Individual competencies for managers engaged in corporate sustainable management practices

R. Wesselink*, V. Blok, S. van Leur, T. Lans, D. Dentoni

*Corresponding author for this work

Research output: Contribution to journalArticleAcademicpeer-review

96 Citations (Scopus)


Corporations increasingly acknowledge the importance of sustainable practices. Corporate social responsibility is therefore gaining significance in the business world. Since solving corporate social responsibility issues is not a routine job, every challenge in corporate social responsibility requires its own approach; and management competencies are crucial for designing appropriate approaches towards the realization of sustainable solutions. On the basis of seven corporate social responsibility competencies synthesized from the extant literature, this research provides an empirical analysis of which of these competencies managers need in order to achieve corporate social responsibility goals within their specific context; and at which specific stage of the implementation process. The data sources are interviews with corporate social responsibility managers – whose positions and circumstances share many similarities – at four large multinational enterprises. The empirical analysis reveals that managers undertake four corporate social responsibility core tasks: I) orientation, II) reaching common ground, III) performing pilot projects, and IV) embedding results. Within the context of the analysis, the competencies: Systems Thinking, Embracing Diversity and Interdisciplinarity, Interpersonal Competence, Action Competence, and Strategic Management were found to be necessary. The Embracing Diversity and Interdisciplinarity competence was identified as the most relevant. This study contributes to the corporate social responsibility (education) literature by introducing an empirical test of which competencies are considered necessary for managers in various stages of corporate social responsibility implementation. Linking these competencies to core tasks makes them more concrete and increases the chances of interpreting them unambiguously, which in turn can aid learning trajectories in both business and education.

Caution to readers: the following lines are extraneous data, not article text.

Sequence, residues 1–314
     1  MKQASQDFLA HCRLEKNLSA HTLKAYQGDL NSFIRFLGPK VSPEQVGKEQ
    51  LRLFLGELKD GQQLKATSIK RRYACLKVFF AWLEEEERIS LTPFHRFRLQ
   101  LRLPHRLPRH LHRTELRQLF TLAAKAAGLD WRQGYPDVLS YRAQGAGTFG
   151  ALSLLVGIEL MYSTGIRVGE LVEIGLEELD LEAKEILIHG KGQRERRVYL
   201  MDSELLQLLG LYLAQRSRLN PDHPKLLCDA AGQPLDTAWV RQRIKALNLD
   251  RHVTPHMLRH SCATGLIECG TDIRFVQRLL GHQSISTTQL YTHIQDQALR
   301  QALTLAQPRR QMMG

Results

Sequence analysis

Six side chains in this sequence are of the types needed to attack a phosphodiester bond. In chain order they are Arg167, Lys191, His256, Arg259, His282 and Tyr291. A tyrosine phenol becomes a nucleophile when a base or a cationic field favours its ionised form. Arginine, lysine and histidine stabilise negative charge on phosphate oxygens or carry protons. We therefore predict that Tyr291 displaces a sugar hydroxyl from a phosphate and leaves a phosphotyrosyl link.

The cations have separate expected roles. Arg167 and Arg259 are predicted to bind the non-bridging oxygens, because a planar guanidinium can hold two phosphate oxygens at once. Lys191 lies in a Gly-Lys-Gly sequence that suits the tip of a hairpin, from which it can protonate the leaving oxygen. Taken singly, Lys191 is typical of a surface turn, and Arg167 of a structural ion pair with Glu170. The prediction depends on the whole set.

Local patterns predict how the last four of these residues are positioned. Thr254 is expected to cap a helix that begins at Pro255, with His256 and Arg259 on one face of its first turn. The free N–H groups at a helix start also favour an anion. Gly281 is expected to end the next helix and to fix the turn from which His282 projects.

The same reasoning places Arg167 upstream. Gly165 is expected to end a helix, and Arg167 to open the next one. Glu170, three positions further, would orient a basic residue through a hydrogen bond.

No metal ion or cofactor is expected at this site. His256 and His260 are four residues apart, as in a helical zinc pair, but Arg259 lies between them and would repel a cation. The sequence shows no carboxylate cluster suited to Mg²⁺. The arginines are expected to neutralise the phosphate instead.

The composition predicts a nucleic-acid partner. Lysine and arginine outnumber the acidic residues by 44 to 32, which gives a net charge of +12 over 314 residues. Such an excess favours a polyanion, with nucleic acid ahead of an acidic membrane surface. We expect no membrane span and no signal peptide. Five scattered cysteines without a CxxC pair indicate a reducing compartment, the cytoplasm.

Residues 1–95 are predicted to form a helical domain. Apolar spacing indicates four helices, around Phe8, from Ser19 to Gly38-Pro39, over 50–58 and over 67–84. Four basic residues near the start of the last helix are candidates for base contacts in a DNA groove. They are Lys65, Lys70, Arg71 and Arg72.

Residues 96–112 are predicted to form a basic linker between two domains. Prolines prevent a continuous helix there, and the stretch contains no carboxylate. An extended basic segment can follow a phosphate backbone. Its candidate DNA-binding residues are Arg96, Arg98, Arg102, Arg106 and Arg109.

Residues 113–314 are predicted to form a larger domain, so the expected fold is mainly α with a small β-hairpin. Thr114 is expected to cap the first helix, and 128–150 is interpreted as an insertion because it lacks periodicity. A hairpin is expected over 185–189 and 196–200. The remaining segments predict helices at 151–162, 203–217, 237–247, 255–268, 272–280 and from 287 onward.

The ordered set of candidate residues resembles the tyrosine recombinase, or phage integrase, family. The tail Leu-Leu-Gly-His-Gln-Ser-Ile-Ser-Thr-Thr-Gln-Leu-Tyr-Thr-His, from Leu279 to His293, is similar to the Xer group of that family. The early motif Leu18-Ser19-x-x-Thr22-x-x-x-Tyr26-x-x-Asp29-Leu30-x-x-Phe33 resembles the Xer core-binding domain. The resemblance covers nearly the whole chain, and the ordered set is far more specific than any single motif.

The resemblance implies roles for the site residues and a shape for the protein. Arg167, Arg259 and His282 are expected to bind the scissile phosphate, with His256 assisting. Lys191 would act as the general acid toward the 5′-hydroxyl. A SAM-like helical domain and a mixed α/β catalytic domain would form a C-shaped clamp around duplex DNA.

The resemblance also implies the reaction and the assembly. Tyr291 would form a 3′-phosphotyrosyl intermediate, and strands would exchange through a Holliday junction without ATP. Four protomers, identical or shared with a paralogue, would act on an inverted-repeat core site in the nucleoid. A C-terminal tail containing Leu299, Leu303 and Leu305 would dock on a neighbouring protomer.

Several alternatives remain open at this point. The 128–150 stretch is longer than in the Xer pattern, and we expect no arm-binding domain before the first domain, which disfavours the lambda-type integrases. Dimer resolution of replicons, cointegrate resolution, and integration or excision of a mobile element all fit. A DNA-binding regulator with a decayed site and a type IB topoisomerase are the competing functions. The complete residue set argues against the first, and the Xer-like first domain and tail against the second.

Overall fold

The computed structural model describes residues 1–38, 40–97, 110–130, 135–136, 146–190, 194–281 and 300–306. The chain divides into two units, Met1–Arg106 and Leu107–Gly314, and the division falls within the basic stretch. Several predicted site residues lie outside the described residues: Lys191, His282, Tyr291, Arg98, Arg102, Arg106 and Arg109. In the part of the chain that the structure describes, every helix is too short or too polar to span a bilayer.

Original languageEnglish
Pages (from-to)497-506
JournalJournal of Cleaner Production
Publication statusPublished - 2015


  • social-responsibility
  • higher-education
  • key competences
  • capabilities
  • innovation
  • framework
  • business
  • pitfalls


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